How did we fall out of love with NHS? Easy. It's election politics

Labour MPs see the hand of No 10 election strategist Lynton Crosby behind the current NHS horror-fest

ALMOST a year after the world was left dewy-eyed about our love for the NHS by Danny Boyle's spectacular opening ceremony for the London Olympics, reality bites.

Health Secretary Jeremy Hunt is poised to send in hit squads to tackle Britain's "killer" hospitals, acting on the review by Sir Bruce Keogh which identified 14 NHS hospitals where the mortality rates were unusually high.

As John Humphrys, the Radio 4 Today presenter, said this morning, Keogh's discovery of thousands of apparently needless deaths reinforces the adage that hospitals make you ill. What has gone wrong?

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In a nutshell, the NHS is being used as a political football for the coming general election.

Labour were in charge for most of the period – 2005 to 2012 – covered by the Keogh Report and so the Tories are seeking to pin the blame for the hospitals' shortcomings on Labour's handling of the NHS.

Labour MPs have told the Mole they see the hand of Lynton Crosby, the Tories' hard-hitting Aussie election campaign strategist, behind this.

"Lynton Crosby is very good. He's trying to neutralise the health service for the Tories as an issue before the 2015 general election," said one Labour former whip.

But a leading health expert - John Ashton, president of the Faculty of Public Health - this morning accused both the Tories and Labour of using the NHS for "a massive political game".

The Tories' main target is Andy Burnham, the last Labour health secretary. Burnham went on the Today programme this morning to reject allegations that he covered up the scandal of high mortality rates. He also accused the Tories of pursuing a secret agenda to privatise or commercialise the NHS.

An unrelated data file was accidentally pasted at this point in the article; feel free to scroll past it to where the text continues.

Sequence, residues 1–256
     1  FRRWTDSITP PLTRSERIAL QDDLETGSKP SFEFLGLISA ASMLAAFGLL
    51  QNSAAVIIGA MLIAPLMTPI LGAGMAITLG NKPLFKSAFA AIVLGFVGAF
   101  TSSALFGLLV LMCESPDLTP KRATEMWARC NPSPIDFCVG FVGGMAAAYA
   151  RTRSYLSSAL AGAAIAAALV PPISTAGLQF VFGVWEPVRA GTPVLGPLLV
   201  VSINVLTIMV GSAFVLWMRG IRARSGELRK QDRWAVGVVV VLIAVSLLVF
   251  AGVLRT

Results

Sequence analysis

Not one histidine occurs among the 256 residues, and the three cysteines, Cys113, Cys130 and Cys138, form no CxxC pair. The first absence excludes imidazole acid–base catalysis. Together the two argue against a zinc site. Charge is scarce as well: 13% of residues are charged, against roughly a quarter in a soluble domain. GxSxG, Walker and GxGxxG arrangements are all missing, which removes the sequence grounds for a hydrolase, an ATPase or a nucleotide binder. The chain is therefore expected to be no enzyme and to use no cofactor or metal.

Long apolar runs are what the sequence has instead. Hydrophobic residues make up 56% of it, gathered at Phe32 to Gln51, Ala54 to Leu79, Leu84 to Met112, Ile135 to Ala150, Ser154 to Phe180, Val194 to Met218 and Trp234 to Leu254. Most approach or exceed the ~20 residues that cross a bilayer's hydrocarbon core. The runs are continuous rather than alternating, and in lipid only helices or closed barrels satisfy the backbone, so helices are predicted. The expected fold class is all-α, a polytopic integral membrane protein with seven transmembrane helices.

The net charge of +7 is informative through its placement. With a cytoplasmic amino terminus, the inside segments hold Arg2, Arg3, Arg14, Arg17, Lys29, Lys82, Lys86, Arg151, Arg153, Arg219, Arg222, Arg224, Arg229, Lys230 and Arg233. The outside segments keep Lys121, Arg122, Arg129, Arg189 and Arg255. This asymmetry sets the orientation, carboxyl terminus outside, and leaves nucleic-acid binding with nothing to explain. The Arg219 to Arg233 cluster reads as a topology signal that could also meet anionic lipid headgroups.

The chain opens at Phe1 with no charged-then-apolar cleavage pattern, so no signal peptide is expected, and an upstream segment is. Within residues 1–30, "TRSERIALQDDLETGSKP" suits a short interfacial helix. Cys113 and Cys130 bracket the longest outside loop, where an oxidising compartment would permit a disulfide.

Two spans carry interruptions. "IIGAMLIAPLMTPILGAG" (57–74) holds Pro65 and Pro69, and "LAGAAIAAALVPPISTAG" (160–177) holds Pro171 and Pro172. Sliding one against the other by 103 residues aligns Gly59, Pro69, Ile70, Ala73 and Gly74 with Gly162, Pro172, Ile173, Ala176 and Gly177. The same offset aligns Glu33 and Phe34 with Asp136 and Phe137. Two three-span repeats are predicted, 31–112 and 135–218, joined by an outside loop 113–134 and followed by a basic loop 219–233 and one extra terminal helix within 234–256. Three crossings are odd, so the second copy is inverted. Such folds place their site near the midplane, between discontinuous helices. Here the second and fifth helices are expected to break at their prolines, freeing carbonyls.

"What we have here is a political attempt to re-write the Francis report [into the Mid-Staffs hospital trust] and throw all of the blame at the last government and it simply isn't good enough. What we have seen is that [at] the 14 hospitals in the Keogh review, standards have fallen on this government's watch.

"I believe this government is portraying the NHS in as negative a light as it possibly can. It has an agenda around privatisation, more marketisation of the NHS."

Burnham claimed that NHS care had worsened markedly under the coalition government, noting that 1,000 nursing cuts had been made at the 14 hospitals under review.

He also accused his own senior civil servants at the Department of Health of seeking to cover up the evidence of high mortality rates at hospitals such as Mid-Staffs and Basildon. "I received official advice - from the full weight of the government - that no further inquiry [into Mid-Staffs] was needed."

However, Prof Sir Brian Jarman, a member of one of the NHS hospital inquiry teams and a specialist in hospital mortality rates, said regulators had all complained about pressure put on them by the Department of Health under Labour - though not individual ministers - to play down the importance of high mortality rates at some hospitals.

Jarman quoted a memorandum in the Keogh Report from civil servants to former Labour health minister Ben Bradshaw advising him on the "line to take" against a damning report first published in 2007. It said "if pushed on DH (Department of Health) role, say that the ... report was first published in 2001..." thus implying it was out of date.

Maybe Danny Boyle needs to revisit the NHS – and make a political horror movie this time.

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